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2006-UP-327 - Berkheimer v. Richland County

THIS OPINION HAS NO PRECEDENTIAL VALUE.  IT SHOULD NOT BE CITED OR RELIED ON AS PRECEDENT IN ANY PROCEEDING EXCEPT AS PROVIDED BY RULE 239(d)(2), SCACR.

THE STATE OF SOUTH CAROLINA
In The Court of Appeals

Samuel D. Berkheimer, Robert A. White, Charles A. Earles, Willie J. Crouch, Jr., Brian Redmond, John S. White, Terry C. Downie, Thomas S. Croxton and David Y. Wilson, Appellants,

v.

Richland County, South Carolina, Respondent.


Appeal From Richland County
 L. Casey Manning, Circuit Court Judge


Unpublished Opinion No. 2006-UP-327
Submitted September 1, 2006 – Filed September 18, 2006


AFFIRMED


S. Jahue Moore and Christian G. Spradley, both of West Columbia, for Appellants.

Vance J. Bettis and Shahin Vafai, both of Columbia, for Respondent.

PER CURIAM:  Appellants are retired Richland County employees rehired by Richland County in accordance with the so-called TERI Plan.  S.C. Code Ann. § 9-11-90(4)(a) (Supp. 2005).  Under this section, Appellants may receive retirement benefits while they continue working and receiving a salary.  In calculating Appellants’ annual leave and longevity pay upon rehire, Richland County considered Appellants’ start date as the date it rehired Appellants rather than the date it originally hired them many years earlier.  Appellants brought a declaratory judgment action.  They argued the Richland County Code of Ordinances (County Code) required Richland County to calculate their start date as the date it originally hired them.  Both parties moved for summary judgment.  The circuit court granted Richland County summary judgment.  We affirm.[1]

When reviewing the grant of a summary judgment motion, the appellate court applies the same standard that governs the circuit court under Rule 56(c), SCRCP.  Pittman v. Grand Strand Entm’t, 363 S.C. 531, 536, 611 S.E.2d 922, 925 (2005).  Summary judgment is proper when there is no genuine issue as to any material fact and the moving party is entitled to judgment as a matter of law.  Id.  On appeal, all ambiguities, conclusions, and inferences arising in and from the evidence must be viewed in the light most favorable to the non-moving party.  Id.  “Statutory interpretation is a question of law.”  S.C. Uninsured Employer’s Fund v. House, 360 S.C. 468, 470, 602 S.E.2d 81, 82 (Ct. App. 2004).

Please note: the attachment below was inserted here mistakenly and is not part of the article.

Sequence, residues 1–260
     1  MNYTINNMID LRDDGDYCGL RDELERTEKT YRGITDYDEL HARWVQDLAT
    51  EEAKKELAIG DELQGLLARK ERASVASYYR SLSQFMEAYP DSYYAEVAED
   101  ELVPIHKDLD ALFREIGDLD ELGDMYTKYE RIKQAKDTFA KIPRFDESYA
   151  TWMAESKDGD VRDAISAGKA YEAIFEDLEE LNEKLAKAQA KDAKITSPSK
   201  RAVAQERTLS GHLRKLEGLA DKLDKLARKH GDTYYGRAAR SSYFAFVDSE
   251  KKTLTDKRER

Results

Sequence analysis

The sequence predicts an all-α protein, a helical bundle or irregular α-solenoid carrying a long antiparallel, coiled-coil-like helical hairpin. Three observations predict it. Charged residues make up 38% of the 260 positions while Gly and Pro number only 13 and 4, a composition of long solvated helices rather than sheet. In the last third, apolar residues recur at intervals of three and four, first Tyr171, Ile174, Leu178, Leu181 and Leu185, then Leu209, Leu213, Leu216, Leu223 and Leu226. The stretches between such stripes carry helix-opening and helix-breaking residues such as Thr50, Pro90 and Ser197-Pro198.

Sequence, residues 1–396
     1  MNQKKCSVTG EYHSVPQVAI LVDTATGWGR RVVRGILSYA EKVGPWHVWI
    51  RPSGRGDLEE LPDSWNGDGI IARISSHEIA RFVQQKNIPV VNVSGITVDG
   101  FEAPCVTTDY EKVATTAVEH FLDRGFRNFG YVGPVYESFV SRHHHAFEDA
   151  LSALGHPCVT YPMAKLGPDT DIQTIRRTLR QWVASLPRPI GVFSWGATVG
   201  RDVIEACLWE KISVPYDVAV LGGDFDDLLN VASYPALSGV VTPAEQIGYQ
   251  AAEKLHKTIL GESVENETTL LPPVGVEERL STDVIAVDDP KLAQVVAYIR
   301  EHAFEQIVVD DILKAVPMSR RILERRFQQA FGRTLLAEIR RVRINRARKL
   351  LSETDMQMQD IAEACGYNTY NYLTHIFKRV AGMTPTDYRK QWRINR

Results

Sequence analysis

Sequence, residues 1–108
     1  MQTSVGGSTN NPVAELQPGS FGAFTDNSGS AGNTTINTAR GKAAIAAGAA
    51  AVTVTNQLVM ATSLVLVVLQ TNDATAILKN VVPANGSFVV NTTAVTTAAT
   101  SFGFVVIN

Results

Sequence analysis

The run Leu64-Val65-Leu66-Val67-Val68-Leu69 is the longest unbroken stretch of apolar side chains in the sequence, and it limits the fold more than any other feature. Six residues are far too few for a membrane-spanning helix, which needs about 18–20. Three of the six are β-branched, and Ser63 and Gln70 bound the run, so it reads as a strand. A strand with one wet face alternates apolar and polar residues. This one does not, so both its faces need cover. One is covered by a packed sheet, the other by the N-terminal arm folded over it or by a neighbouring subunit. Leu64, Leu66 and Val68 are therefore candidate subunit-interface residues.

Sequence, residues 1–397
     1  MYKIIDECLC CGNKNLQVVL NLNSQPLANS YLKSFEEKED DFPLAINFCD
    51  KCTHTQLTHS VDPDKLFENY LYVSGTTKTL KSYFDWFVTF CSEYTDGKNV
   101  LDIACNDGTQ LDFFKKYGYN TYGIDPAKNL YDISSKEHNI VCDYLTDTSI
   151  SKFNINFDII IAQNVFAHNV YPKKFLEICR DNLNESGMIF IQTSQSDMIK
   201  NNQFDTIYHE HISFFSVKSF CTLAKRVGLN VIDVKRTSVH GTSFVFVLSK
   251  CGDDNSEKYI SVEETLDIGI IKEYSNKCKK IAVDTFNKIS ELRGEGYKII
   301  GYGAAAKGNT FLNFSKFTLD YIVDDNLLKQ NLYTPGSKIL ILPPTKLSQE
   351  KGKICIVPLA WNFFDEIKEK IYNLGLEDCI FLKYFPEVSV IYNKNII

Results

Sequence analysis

1.  Appellants argue the circuit court erred in concluding the County Code did not require Richland County to calculate Appellants’ annual leave and longevity pay from the date it originally hired Appellants.  The circuit court held Appellants retired from Richland County, rather than resigned, and that because “retire” and “resign” are mutually exclusive terms, Appellants could not avail themselves of an exception in the County Code that allowed employees who resigned in good standing to calculate their annual leave and longevity pay from the date Richland County originally hired them.  “An ordinance must receive a practical, reasonable, and fair interpretation consonant with the purpose, design, and policy of the lawmakers.”  Rest. Row Assocs. v. Horry County, 327 S.C. 383, 391, 489 S.E.2d 641, 645 (Ct. App. 1997), aff’d as modified, 335 S.C. 209, 516 S.E.2d 442 (1999).  While we agree with Appellants that “resign” and “retire” are not necessarily mutually exclusive terms, they are treated as such within the context of the County Code, which clearly differentiates between an employee who has resigned and one who has retired.  Compare Richland County, S.C., Code § 2-403 (“Resignations”) with Richland County, S.C., Code § 2-438 (“Retirement”).  Because Appellants stipulated they retired, Richland County correctly calculated their start date as the date it rehired them.  Insofar as the County Code differentiates between the terms resignation and retirement, we concur in the reasoning and judgment of the circuit court.

2.  Appellants next argue the circuit court erred in concluding the County Code did not require Richland County to contribute to the cost of Appellants’ dependents’ health insurance.  Appellants assert that because they are “regular employees” under the County Code, Richland County should cover a portion of their dependents’ health insurance.  “The general rule of statutory construction is that a specific statute prevails over a more general one.”  Atlas Food Sys. and Servs., Inc. v. Crane Nat’l Vendors Div. of Unidynamics Corp., 319 S.C. 556, 558, 462 S.E.2d 858, 859 (1995).  The specific County Code provision concerning health insurance, which requires that retired employees cover all of their dependents’ health insurance, trumps the general County Code provision defining a “regular employee.”  As determined by the circuit court, Richland County is not required to cover any portion of Appellants’ dependents’ health insurance.  We find no error.

AFFIRMED.

ANDERSON, KITTREDGE, and SHORT, JJ., concur.


[1]  We decide this case without oral argument pursuant to Rule 215, SCACR.